In a previous blog post we briefly talked about operating agreements. This topic is important enough to merit further examination. We’ll specifically look at what you need to include in an operating agreement for an LLC.
The Purpose of an Operating Agreement
Think of an operating agreement as the founding document that spells out the essentials of your business. Everything should be outlined including the management structure, membership interest, capital contributions and the financial allocations and distributions. More isn’t always better, but in this case being as detailed as possible will help you in the long run.
What to Include in an Operating Agreement
It’s important to outline your management and financial structure. This will deter any potential disagreements if the LLC has more than one member. Failure to include such information in your operating agreement could make you subject to your state’s default laws. For instance, some states have statutes that say members of an LLC must split profits and losses equally, regardless on ownership.
As mentioned above it is important to outline the capitalization of the Company. Capital Contributions are the amounts of money and values of property contributed by member(s). Also important is the distribution of profits and losses. Are members entitled to revenue generated by the LLC? If so, how much and how often are funds dispersed?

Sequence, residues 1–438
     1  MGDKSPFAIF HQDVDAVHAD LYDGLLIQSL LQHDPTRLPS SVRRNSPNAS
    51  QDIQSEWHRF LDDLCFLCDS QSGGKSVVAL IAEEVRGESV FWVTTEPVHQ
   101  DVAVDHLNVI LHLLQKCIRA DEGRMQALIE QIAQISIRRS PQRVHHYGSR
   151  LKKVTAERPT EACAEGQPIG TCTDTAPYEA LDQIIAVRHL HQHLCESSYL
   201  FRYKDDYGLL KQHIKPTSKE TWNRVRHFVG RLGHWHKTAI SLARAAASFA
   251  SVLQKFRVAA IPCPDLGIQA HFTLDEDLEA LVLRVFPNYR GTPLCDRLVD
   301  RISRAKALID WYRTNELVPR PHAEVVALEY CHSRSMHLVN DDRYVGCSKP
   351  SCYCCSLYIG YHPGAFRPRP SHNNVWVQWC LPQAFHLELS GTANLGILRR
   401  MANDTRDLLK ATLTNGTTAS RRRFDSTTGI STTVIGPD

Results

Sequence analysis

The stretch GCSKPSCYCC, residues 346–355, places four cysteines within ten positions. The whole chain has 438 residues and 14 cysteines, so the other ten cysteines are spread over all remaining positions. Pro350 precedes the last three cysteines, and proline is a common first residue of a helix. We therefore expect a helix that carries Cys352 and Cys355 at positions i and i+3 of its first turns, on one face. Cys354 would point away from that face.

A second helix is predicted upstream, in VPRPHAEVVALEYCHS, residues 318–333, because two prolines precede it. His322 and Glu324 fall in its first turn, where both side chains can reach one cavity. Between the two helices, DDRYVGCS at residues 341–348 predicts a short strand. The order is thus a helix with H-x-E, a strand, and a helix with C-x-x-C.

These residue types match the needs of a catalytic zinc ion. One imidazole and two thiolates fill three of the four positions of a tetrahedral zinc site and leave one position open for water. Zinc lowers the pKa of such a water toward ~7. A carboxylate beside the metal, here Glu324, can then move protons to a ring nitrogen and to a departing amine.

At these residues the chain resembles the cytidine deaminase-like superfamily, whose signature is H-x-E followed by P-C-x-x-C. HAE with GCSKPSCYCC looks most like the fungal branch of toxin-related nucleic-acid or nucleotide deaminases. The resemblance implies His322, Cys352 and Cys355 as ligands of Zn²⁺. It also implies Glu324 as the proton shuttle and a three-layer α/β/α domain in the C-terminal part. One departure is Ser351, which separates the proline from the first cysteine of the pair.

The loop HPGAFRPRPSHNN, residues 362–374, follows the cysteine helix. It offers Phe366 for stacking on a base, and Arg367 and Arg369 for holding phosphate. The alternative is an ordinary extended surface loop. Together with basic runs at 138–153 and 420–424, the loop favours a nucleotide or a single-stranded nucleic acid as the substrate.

Finally, it is important to include guidelines for transfers of membership interest in the event of a death, incapacity, bankruptcy or if a member leaves or is bought out. You’ll need to include rules detailing the buyout provisions. This can help make clear terms on how much is to be paid and when.
Creating an operating agreement can be a lot of work. It’s best to consult a professional like the ones at Structure Law Group. A skilled attorney can help secure your business and provide you with peace of mind.
About Structure Law Group
Structure Law Group is a San Jose based firm that specializes in business issues including business formations, commercial contracts and litigation.